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Articles from STERLING SILVER JEWELLERY (846 Articles), STAINLESS STEEL JEWELLERY (156 Articles), PLATINUM JEWELLERY (49 Articles)











A silver lining for every generation

Silver jewellery is widely popular across all ages. Stephanie Chan explores how generation-specific marketing tactics can strengthen sales.
Uberkate
Uberkate
IBD
IBD
Pastiche
Pastiche
Innerpower
Innerpower
Pastiche
Pastiche

Sterling silver jewellery continues to be a strong performing category and there are plenty of retailers who now consider it a cornerstone of their business.

The recent spike in interest can largely be attributed to three sources: the way in which silver has been marketed to Generation Y; the enormous variety of designs now available; and the metal’s lower price point compared to other white metals. All of these factors play a role in the popularity of silver surpassing both generational and gender boundaries.

Now in high demand across a wide range of ages, silver presents retailers with endless sales opportunities and those who tailor their marketing campaigns to target different age demographics can achieve additional boosts to silver sales.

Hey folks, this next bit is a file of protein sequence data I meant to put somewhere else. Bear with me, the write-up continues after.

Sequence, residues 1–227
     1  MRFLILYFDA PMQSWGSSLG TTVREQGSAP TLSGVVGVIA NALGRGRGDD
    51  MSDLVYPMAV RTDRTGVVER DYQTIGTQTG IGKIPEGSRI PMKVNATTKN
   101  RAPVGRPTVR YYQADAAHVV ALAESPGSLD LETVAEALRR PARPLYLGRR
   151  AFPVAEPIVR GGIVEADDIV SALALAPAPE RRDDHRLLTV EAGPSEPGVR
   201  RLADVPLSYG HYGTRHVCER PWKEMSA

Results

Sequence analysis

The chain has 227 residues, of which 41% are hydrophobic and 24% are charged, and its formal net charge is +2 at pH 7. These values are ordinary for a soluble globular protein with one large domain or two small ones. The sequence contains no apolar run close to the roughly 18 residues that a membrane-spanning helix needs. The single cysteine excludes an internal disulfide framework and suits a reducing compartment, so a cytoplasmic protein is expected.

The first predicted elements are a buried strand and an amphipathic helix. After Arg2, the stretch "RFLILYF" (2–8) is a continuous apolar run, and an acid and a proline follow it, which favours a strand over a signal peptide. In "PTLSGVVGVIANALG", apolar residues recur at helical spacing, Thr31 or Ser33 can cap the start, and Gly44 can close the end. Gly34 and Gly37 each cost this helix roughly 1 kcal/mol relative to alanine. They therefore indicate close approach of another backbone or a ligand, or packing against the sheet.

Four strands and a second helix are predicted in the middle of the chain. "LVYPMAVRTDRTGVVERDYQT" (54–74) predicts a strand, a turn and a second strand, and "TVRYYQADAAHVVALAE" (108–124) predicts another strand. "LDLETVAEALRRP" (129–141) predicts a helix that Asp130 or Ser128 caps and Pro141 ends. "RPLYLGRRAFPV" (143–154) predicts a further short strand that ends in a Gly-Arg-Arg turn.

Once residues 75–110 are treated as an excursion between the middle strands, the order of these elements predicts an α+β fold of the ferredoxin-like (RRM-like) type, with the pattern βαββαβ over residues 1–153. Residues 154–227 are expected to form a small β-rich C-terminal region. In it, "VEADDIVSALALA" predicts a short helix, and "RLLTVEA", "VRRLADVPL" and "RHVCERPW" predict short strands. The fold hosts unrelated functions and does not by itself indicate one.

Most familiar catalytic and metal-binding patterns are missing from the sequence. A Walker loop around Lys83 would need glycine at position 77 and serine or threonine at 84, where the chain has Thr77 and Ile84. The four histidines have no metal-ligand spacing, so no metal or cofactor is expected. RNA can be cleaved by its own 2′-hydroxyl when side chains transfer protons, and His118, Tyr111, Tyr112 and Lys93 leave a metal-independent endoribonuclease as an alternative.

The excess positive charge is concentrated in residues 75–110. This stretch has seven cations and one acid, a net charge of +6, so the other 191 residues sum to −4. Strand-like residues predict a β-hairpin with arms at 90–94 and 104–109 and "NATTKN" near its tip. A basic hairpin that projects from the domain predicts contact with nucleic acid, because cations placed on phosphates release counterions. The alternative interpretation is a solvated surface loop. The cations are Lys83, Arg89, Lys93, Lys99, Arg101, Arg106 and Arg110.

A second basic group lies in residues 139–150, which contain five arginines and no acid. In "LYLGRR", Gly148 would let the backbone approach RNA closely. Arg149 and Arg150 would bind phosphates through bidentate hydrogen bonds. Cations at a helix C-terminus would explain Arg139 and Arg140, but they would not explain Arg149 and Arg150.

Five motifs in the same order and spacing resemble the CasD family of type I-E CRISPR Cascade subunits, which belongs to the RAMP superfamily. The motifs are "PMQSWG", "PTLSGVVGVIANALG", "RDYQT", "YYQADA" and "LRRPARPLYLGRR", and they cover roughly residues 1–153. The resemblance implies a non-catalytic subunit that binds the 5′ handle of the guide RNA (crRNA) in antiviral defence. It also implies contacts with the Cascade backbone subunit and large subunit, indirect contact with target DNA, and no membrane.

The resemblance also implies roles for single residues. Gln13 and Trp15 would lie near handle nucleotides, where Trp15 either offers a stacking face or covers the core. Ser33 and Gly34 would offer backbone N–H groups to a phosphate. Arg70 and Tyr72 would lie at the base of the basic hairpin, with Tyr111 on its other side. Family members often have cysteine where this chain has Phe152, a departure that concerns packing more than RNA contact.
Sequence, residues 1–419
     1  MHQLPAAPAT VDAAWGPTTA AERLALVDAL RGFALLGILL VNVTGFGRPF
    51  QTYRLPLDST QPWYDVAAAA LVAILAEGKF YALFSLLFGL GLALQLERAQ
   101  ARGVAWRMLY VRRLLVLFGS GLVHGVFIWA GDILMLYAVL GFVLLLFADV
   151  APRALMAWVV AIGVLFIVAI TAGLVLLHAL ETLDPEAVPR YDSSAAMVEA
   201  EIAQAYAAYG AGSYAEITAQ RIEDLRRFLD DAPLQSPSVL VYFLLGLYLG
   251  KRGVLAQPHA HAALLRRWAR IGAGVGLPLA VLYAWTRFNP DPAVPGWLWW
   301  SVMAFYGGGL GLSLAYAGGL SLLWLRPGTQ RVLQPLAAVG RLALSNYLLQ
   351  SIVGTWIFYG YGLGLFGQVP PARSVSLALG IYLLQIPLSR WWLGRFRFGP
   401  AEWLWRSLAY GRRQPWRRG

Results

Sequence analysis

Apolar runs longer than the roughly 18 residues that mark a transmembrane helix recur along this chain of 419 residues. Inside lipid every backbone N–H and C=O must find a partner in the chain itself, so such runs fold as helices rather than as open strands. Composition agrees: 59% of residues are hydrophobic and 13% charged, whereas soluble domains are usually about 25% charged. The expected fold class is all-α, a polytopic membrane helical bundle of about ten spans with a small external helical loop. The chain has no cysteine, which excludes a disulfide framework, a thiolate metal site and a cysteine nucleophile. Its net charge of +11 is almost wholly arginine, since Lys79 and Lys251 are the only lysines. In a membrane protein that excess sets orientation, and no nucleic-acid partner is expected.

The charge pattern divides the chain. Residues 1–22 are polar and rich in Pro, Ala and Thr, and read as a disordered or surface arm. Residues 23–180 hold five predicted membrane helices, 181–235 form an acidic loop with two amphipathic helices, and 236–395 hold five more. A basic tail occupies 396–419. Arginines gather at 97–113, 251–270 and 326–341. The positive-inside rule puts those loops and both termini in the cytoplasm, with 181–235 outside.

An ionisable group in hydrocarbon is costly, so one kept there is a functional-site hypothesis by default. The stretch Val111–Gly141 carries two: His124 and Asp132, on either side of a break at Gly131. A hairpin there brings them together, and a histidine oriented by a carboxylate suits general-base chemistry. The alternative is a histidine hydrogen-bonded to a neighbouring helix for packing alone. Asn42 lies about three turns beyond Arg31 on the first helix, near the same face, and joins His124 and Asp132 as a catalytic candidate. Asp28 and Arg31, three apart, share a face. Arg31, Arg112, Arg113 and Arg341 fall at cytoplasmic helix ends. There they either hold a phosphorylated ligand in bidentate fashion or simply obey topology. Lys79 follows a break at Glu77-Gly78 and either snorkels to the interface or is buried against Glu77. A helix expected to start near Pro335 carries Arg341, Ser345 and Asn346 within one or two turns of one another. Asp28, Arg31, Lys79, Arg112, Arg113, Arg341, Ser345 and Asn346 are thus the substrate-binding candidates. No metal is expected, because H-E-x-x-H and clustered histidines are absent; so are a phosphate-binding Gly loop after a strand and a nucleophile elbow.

Generation Y
Known for cool and contemporary styles, silver jewellery continues to be popular amongst Gen Y both locally and internationally.

According to Michael Barlerin, director of The Silver Institute’s Silver Promotion Service in the United States, the most recent research conducted for the organisation shows that consumers aged between 20 and 40 form the primary demographic for silver jewellery.

Barlerin says this is due to various reasons: “This is partly due to silver jewellery initially being acquired in the teen years and becoming the start of a ‘silver wardrobe’. While it is conjecture on my part, I think gold jewellery is often thought of as ‘my mother’s jewellery’.

Additionally, platinum jewellery is obviously part of the white metal preference but often, due to price point, only a potential consideration in bridal merchandise.”

The study – organised by trade magazine National Jeweller – was based on US-based findings but Barlerin says there are strong similarities between the US and Australian marketplace.

Closer to home, Sarah McMichael, manager of Charlton Jewellers in Auckland, says she finds that the store’s Gen Y customers are particularly attracted to branded jewellery and respond well to social media marketing, especially when images of celebrities wearing jewellery are used.

“A good example of this is when Jamie Ridge, a young Auckland socialite, put up a picture of herself wearing a Daniel Wellington watch on Instagram. Sales of this product went up immediately,” she explains, adding, “With this group, it is not so much as just putting up pictures of products but finding examples of people wearing the product that works.”